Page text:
Shakespeare: Don’t Be Afraid

We always laugh when my husband notices a mistake in a text before I do.  But he noticed an inconsistency with the BBC book list when I didn’t.  The Complete Works of Shakespeare is listed as number 14, and Hamlet (obviously one of Shakespeare’s “complete works”) is listed as number 98.  As an editor, I should have noticed this error, but he did and I didn’t.

As to my reading of the The Complete Works of Shakespeare, I count having seen plays because Shakespeare’s canon is best seen performed.  However, I have read my fair share as well.  During my senior year of college, I took a Shakespeare seminar.  I still remember entering the classroom for the first time, my hands shaking and my brain whirring.  Either Shakespeare or Milton was required to graduate.  I chose Shakespeare (although I have since read Milton), but they both terrified me.  Would I be able to pass this class?  Would I enjoy any of it?

Public domain image via Wikimedia Commons

My earliest experience with Shakespeare was reading Cymbeline with my mom and sisters.  My mom thought it would be fun to have us each take on certain roles and read the play out loud together.  This was boring.  As a fourteen-year-old, I did not understand most of what we read.

In high school, I attended a performance of As You Like It because a few of my friends were playing main roles.  I remember enjoying it a little more than I had Cymbeline, but I did not quite understand everything.  While the audience roared with laughter, I looked about myself bewildered and then pretended to laugh, too.  I didn’t want anybody to know that I hadn’t understood dear William’s jokes.

My ignorance and fear of Shakespeare all disappeared with that senior seminar in college.  Professor Duerden taught with skill and ease.  He directed lively discussions and opened my mind to the beauty of Shakespeare.  I attribute this to his excellent teaching skills, but also to his class requirements for the reading.  For each play, we were required to read it twice.  After this reading had been accomplished, we were then required to watch a performance of it, whether in person or on tape.  I obviously spent many long, quiet hours reading the plays, but watching them performed proved truly fantastic.  I would find tapes of the plays at the city library or campus library, depending on where the films were available.  Then, because my husband and I were newlyweds, we would watch them together on a Friday night, cuddling, snacking, and laughing at the characters’ antics.  To this day, my husband loves Shakespeare almost as much as I do because of that time spent watching the plays.

I had a conversation about boring Shakespeare with a neighbor a few weeks ago.  This neighbor perused my bookshelf and commented on my collection, noting that he would never like or understand or even try Shakespeare.  As I began to try to convert him to my love of Shakespeare, my husband joined in, telling him that the plays must be watched and that they are great fun.  I don’t think we convinced him.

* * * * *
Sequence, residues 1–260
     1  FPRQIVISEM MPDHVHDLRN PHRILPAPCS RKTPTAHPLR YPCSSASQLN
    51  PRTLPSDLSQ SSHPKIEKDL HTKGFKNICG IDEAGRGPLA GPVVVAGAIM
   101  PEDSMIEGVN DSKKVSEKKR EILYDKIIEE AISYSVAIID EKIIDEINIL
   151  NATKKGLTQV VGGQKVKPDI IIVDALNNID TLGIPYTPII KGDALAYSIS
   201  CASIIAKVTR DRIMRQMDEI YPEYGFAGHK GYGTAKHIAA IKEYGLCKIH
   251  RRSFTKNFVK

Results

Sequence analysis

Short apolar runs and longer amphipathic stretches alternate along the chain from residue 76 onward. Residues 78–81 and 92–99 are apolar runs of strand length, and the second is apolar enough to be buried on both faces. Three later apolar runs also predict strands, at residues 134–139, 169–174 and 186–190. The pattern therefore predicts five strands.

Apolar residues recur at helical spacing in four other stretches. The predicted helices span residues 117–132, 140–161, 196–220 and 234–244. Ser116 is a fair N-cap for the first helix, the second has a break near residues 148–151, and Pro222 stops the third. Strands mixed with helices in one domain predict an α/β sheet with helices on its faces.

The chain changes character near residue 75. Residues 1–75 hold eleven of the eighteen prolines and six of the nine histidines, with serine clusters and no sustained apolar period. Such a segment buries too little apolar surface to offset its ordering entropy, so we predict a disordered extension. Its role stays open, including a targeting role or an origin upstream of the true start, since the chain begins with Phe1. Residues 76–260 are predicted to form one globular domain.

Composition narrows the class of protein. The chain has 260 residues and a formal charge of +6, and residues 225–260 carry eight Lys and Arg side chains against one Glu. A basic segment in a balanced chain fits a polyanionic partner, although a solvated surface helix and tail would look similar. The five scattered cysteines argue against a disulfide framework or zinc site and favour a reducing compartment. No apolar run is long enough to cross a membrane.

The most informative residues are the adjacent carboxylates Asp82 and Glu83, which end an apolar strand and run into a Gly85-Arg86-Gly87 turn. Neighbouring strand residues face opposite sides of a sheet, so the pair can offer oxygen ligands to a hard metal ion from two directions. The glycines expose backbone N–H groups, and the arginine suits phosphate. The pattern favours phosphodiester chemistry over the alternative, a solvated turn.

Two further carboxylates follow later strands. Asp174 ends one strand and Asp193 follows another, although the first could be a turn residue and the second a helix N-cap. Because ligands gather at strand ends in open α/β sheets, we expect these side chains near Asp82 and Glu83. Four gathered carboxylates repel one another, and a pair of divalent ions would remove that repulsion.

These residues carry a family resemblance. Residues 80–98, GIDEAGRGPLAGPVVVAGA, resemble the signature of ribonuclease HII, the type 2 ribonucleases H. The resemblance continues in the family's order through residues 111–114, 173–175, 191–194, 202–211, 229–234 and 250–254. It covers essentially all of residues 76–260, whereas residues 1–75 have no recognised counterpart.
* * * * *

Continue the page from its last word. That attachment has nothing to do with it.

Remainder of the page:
My favorite Shakespeare play is The Winter’s Tale.  The plot is essentially this: King Leontes is convinced that his wife Hermione is cheating on him.  An oracle tells him that his wife is innocent, but he refuses to believe and as a result, his son and wife die.  He is obviously crushed, but admits his culpability in the deaths.  In the end, a beautiful statue of Hermione returns to life.  Her resurrection and Leontes’s repentence bring them together again.  (And because of the queen’s name, guess who knew how to pronounce Hermione when the Harry Potter books were published?)

I am also a fan of the more obvious plays: Romeo and Juliet, Hamlet, and A Midsummer Night’s Dream.  The film adaptations of these plays do The Bard justice.  My favorite version of Romeo and Juliet is Baz Luhrmann’s with Leonardo DiCaprio and Claire Danes.  I know it includes rock music and modern scenery, but it keeps the original language and is the magnificent play, all the same.  (However, I’m a sucker for anything done by Baz Luhrmann.  He’s brilliant.)

Public domain image; Ford Madox Brown’s painting of Romeo and Juliet

As to A Midsummer Night’s Dream, I first saw this with my favorite college roommate Jenn.  I will always consider her to be one of my best friends, although life and circumstances have kept us apart for the last decade.  She is seven years older than me, but I think that’s why I feel so close to her.  She is the big sister I never had.  I could go on about Jenn and what a special person she is, but back to the story.  One evening, we decided to attend the movie, starring Kevin Kline, Michelle Pfeiffer, Rupert Everett, and Calista Flockhart.  But first, we loaded a gigantic bag Jenn had brought with Wendy’s baked potatoes, chili, fries, chicken sandwiches, salads, and drinks.  After sneaking the food into the theater, we sat in the back, munching heartily and noisily on our aromatic and delicious dinners.  I’ll never forget that time spent with her, and it all happened because of Shakespeare.

So, if you haven’t given Shakespeare a try, start with the movies or a local play.  Maybe stick to the comedies and tragedies.  (The histories are a bit dry, but Kenneth Branagh, known for directing and starring in many Shakespeare movies, has a nice version of Henry V.)  You’ll find humor, the secrets of life, and pure enjoyment.  Shakespeare is an acquired taste, one more easily developed in adulthood.  You’ll like him.  I promise.

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